Has Mission: Impossible superseded James Bond?
The James Bond franchise has, without a doubt, been the staple of spy films from its inception in 1962 to modern-day. Many spy films owe their existence and success to Bond. However, it seems that one spy film series is looking to take the crown from Bond, and that's the Mission: Impossible series.
While Bond started life in Ian Fleming's novels in the 1950s, Mission: Impossible began as a TV series in 1966.
Thirty years later, it was adapted as a film and would become the first in a series with Tom Cruise as the protagonist, Ethan Hunt.
Both series had the theme tunes and pre-credit title sequences to boot. Bond made its mark using the gun barrel sequence, a title song for each film (apart from Dr No), exotic locations, and beautiful women.
Mission: Impossible didn't have much to match other than the trademark masks, and the recorded messages giving missions before exploding and uttering "this tape will self-destruct in 5 seconds".
In 1996, six months after James Bond was brought back onto the big screen after a six and a half year hiatus, the first Mission: Impossible film opened with a fairly positive reception and success at the box office.
Mission: Impossible 2, released in 2000, became the highest-grossing film of that year, although the critical reception wasn't that great (even though I liked it). By then, the Bond franchise was already starting to see a downward spiral which was later affirmed by the much-maligned Die Another Day.
In 2006, J.J. Abrams, who had mainly done television work, made his directorial debut in the form of Mission: Impossible III. The film was modestly successful both critically and commercially.
Later that year, the Bond franchise was rebooted in the form of Casino Royale with a new Bond in Daniel Craig. It's fair to say that Casino Royale had better success than Mission: Impossible III and reinvigorated the Bond franchise.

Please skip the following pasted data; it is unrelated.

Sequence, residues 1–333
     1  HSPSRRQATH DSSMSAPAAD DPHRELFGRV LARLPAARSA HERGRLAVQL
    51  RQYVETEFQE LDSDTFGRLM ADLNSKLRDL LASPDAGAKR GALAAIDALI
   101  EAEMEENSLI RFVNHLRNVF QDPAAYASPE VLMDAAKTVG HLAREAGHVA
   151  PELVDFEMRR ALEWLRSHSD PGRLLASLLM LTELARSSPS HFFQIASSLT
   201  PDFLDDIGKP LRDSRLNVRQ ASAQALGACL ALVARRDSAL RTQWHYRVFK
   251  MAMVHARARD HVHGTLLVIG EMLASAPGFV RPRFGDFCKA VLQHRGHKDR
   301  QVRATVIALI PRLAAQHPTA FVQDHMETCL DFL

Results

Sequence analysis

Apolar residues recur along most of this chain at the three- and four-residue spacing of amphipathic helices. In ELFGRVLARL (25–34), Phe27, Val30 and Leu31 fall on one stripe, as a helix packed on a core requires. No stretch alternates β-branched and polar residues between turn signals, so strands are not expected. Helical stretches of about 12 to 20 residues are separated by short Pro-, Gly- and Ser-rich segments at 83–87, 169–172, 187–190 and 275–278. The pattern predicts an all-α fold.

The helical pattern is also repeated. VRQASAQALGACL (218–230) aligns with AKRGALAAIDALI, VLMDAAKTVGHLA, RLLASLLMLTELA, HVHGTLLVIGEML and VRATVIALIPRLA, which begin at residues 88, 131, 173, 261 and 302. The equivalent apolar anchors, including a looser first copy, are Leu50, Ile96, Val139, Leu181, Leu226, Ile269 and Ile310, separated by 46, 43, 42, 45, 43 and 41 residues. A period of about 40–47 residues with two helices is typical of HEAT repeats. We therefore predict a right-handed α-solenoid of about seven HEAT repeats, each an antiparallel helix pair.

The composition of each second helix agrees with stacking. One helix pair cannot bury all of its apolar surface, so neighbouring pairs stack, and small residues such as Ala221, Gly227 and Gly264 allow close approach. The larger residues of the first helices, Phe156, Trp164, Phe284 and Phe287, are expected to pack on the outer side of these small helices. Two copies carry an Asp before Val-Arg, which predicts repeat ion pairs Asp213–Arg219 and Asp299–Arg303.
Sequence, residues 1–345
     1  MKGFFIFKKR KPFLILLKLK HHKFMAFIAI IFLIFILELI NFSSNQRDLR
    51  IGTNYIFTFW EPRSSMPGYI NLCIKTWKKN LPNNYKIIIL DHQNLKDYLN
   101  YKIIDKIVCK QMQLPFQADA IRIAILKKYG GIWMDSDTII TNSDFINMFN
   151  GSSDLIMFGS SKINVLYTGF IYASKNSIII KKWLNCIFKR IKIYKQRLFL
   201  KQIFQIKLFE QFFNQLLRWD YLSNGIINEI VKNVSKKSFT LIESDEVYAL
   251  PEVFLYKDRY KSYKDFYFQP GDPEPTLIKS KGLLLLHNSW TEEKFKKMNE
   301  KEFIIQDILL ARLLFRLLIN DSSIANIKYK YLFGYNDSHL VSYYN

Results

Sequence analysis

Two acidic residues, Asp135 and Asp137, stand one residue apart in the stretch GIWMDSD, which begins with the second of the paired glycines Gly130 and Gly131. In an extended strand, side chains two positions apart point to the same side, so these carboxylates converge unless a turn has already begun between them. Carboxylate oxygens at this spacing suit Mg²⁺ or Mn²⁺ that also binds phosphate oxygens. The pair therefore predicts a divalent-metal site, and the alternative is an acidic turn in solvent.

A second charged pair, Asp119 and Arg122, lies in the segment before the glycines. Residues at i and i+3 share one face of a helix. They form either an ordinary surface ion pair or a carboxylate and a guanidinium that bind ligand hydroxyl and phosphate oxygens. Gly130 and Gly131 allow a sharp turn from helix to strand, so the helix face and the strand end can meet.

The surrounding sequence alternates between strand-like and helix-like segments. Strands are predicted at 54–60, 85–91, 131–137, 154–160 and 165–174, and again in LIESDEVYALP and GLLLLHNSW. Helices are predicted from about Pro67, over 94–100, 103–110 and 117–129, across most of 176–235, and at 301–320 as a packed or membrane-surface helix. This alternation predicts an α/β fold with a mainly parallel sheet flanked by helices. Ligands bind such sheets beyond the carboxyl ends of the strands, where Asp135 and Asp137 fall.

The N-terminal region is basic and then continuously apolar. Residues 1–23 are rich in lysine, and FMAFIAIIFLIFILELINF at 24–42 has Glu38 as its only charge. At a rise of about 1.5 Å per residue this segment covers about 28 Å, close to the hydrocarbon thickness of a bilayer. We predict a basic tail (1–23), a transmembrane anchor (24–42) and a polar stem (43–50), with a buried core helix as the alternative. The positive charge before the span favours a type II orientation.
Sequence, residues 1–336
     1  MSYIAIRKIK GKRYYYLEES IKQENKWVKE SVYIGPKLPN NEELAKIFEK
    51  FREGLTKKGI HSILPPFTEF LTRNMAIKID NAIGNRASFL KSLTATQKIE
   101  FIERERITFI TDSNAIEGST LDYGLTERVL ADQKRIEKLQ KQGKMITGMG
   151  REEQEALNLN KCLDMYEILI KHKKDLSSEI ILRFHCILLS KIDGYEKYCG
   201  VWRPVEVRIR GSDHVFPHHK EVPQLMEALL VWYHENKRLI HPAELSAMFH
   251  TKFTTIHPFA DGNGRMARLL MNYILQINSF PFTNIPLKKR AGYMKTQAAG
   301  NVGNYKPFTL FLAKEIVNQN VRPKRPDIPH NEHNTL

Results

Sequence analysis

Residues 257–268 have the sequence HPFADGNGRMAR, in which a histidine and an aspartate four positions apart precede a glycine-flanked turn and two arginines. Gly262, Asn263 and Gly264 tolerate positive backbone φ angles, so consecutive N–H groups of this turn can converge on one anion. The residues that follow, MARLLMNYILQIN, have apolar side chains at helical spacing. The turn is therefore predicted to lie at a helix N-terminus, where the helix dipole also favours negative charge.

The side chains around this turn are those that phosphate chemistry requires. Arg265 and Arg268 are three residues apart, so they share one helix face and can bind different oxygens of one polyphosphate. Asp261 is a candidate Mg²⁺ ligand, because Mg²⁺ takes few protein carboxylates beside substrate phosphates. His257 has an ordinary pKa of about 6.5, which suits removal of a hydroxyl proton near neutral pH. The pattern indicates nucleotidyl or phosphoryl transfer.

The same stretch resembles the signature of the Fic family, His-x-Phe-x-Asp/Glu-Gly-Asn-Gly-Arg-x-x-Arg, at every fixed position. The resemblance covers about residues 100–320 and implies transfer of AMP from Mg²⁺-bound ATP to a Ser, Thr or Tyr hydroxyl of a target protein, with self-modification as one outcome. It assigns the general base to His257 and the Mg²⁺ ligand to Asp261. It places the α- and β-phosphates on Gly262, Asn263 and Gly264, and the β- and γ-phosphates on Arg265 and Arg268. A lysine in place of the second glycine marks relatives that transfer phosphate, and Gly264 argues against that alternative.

Nevertheless, the Daniel Craig era has been somewhat up and down with Quantum of Solace and SPECTRE not getting as much critical acclaim.
Meanwhile, J.J. Abrams stayed on as a producer for the next Mission: Impossible films: Ghost Protocol, Rogue Nation, and Fallout, all of which achieved high critical acclaim and box office success. So what is Mission: Impossible getting right that Bond is getting wrong?
Tom Cruise has played the role of Ethan Hunt since the first Mission: Impossible film. He has been able to maintain a good look and enthusiasm about playing the part. Daniel Craig is a few years younger than Cruise and is already starting to look like he's ageing.
Questions have been raised about his enthusiasm for playing Bond after the "slit my wrists" comment while promoting SPECTRE. He dragged his heels before finally deciding to commit to one last film.
2015 saw the so far last Bond film to be released: SPECTRE. Earlier that year, Mission: Impossible — Rogue Nation was also released. Both had the same premise of a battle against a criminal organisation.
Although both films did very well financially, Rogue Nation was better received critically. I suspect the reasons behind this are that there wasn't enough focus on SPECTRE as an organisation. I loved SPECTRE and would put it in my top five Bond films.
Blofeld wasn't given much screen time, and the half-brother angle wasn't well received. In Rogue Nation, they did put the focus on the featured criminal organisation called the Syndicate and its villain.
While Eon was still trying to get Craig to commit to another 007 film, Mission: Impossible — Fallout came three years later and became the franchise's most successful entry.
Another two films are to be made back to back to come out in 2021 and 2022, much in the same vein as the last two Avengers films in the Marvel Cinematic Universe.
Despite the most prolonged delay since Licence to Kill, the Bond franchise has a chance to redeem itself in its latest instalment, No Time To Die. And like J.J. Abrams, the film's director, Cary Joji Fukunaga, helmed from television.
The new film has already wet people's appetites with radical changes including a more emotional spin, an ethnic female 00 agent, and the longest-running time for a James Bond film at 2 hours and 43 minutes.
With the coronavirus pandemic delaying the film, it could end up facing direct competition from the seventh Mission: Impossible.
Will Bond be able to retain its position as the most fantastic spy franchise, or will Mission: Impossible steal its crown? Only time will tell.
Amalan is a junior doctor living and working in Watford. He has been a James Bond fan since the age of 13, which led him to becoming a big film geek.